Github allows you and others to work synchronically on projects from anywhere and lets you monitor the complete history of all the modifications to the source code. It is like cloud storage for your code.
The word “Git” stands for the version control system that runs in the command line interface and tracks the constant revisions to the files. And “Hub” is the place where people store their projects and network amongst themselves.
Today we are going to learn the basic commands of GitHub, that will let you dive into it’s amazing world. So, without further ado, let’s get started.
Create a GitHub account
First things first we need a GitHub account ( Figure-1 ) to store the source code of our project.
Create a GitHub repository
Once your GitHub account is ready, you can log in to your account and create a repository. To do that click + In the upper-right corner of any GitHub page, and then click New repository ( Figure-2.1 ).
Your repository contains all of your project’s files and stores each file’s revision history.
Now add a name for your repository and an optional description. Then choose to make the repository either public or private ( Figure-2.2 ).
Public repositories are visible to everyone, while private repositories are only accessible to you, and to the people, you share them with. When you are finished, click Create repository.
Once your GitHub Repository is created it should look something like in the Figure-2.3.
Download and install the Gitb
Git is a free and open source distributed version control system. We will be using it to upload our source code to GitHub.
Upload your source code to the new GitHub Repository
Now right-click on the root of the project folder and select Git Bash Here ( Figure-4.1 ), which is added in the context menu after installing git.
Clicking on Git Bash Here will open up a terminal ( Figure-4.2 ), where git commands will be written.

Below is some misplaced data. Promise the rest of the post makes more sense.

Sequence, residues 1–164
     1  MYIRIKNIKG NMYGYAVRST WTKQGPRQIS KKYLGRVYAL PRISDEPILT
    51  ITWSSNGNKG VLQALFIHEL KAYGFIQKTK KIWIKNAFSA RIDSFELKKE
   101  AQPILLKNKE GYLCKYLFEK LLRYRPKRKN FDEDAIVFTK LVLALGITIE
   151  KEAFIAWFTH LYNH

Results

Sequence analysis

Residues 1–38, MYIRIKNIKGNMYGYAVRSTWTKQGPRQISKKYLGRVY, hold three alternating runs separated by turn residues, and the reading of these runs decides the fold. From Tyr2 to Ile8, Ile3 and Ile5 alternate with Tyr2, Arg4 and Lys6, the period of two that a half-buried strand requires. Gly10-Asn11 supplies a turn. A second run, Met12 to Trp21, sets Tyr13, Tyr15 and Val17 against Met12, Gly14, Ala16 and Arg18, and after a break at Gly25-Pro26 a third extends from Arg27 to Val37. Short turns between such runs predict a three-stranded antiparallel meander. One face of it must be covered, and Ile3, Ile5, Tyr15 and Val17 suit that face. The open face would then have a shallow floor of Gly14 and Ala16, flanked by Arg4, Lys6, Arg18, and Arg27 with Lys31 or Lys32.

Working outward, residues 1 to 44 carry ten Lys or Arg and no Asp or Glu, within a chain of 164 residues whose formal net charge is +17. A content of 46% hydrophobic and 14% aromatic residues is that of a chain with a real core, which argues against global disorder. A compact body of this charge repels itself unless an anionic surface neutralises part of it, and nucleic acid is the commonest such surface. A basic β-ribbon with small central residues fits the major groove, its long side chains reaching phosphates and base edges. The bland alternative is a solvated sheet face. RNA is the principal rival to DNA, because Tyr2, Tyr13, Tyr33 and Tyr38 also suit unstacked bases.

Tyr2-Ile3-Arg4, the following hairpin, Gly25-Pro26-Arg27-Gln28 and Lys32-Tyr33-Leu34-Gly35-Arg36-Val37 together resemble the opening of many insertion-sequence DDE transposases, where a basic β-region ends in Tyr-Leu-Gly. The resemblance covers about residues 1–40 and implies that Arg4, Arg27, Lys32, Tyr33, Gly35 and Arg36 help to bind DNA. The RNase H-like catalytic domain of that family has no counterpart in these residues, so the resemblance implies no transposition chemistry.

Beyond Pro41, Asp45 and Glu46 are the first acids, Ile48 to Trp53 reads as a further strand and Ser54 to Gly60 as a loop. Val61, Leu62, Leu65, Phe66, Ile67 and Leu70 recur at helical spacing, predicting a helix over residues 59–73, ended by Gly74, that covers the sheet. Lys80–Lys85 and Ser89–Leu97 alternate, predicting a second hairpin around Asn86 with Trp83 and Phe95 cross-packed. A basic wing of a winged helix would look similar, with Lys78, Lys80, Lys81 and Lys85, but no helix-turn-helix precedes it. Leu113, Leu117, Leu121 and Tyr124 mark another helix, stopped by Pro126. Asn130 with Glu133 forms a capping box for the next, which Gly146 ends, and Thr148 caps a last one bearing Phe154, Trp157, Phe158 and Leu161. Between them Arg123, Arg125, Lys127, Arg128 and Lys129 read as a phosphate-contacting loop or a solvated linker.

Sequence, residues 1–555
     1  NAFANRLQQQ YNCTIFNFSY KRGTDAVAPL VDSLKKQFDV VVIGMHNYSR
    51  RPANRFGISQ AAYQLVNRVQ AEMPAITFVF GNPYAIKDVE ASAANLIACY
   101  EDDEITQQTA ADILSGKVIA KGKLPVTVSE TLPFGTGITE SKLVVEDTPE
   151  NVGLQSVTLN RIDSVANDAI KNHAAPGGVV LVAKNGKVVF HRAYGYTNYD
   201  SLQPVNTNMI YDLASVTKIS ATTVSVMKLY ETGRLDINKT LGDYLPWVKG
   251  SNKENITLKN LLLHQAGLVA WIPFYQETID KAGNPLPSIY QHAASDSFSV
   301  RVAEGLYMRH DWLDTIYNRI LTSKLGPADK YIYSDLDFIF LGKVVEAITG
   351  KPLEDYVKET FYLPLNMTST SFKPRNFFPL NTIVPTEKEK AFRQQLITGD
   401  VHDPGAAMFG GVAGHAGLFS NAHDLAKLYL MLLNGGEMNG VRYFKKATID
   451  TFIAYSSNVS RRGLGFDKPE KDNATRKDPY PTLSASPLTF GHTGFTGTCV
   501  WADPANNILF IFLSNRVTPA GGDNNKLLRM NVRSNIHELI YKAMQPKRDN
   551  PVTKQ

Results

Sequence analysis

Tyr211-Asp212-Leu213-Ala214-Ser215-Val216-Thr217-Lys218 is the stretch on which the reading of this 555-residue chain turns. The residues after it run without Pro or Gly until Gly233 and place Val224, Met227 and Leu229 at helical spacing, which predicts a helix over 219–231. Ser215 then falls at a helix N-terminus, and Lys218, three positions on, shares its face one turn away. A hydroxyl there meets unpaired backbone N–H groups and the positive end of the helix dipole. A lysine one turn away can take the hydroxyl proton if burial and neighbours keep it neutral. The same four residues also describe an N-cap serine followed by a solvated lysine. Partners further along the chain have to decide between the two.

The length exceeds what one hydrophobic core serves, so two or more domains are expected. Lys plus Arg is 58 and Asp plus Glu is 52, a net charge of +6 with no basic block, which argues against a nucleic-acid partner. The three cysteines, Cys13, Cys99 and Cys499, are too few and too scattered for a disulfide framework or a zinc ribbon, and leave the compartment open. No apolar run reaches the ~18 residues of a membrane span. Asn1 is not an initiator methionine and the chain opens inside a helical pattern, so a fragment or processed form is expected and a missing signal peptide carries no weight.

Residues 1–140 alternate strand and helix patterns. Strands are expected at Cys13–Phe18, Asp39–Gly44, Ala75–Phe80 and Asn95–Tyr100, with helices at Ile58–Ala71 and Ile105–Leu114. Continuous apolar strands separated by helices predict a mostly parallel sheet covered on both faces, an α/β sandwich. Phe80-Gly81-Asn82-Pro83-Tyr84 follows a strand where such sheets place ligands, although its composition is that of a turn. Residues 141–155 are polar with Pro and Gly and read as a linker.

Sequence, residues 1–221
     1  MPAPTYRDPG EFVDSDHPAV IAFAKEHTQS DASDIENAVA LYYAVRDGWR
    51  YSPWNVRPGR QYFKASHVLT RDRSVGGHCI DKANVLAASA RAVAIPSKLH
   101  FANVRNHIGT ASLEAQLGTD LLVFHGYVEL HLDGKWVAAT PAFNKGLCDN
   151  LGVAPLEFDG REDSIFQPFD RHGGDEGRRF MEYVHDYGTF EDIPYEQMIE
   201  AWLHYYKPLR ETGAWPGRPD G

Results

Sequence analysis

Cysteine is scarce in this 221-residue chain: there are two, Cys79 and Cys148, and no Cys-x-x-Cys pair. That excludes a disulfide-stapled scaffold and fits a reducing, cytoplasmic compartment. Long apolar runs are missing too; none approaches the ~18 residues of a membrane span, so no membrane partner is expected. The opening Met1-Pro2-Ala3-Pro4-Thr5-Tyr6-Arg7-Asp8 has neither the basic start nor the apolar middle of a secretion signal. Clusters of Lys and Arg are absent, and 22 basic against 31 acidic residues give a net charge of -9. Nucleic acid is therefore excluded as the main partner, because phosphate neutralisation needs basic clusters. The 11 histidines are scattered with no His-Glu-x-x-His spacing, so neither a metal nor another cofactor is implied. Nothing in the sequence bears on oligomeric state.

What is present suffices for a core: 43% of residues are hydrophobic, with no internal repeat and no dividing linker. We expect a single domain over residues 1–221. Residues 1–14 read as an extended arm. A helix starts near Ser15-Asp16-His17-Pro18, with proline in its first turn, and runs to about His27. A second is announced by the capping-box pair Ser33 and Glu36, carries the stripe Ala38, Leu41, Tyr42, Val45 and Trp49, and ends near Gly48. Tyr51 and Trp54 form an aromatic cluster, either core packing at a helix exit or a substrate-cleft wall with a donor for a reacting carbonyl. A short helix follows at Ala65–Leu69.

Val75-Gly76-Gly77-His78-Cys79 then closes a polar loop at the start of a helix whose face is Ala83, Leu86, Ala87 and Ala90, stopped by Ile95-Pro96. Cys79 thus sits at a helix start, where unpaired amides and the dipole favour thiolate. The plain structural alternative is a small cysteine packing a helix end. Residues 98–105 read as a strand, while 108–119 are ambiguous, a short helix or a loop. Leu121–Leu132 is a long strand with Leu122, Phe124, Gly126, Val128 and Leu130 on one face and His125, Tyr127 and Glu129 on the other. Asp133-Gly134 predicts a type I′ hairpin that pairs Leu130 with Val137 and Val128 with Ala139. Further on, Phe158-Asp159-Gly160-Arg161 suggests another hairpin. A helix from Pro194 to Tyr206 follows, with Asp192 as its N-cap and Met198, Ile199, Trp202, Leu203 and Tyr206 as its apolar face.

Follow the git commands that GitHub produced, when you have created the new repository, please refer to Figure-2.3.
git init – Initializes git by creating a hidden git folder in the project directory.
git add . – Adds all the files or folders to git.
git commit -m "message" – Saves the changes in the local repository. You can name your own commit instead of
Tip: You should name the commits that describes your activity, as it’ll allow you to distinguish between the history of all changes to the source code.
git remote add origin URL– An identifier so you can specify which remote repository to be used in other commands. Use your remote URL instead of
URL( Figure-2.3 ).
git push -u origin master– Uploads source code to GitHub.
Once you push the code, You will be able to see it in your project’s repository.
Note: New users of git will be prompted to create a username and add the email address to associate commits with an identity. The Git username is not the same as your GitHub username.
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Photo Credits: Featured Image by Vector_corp & GitHub Logo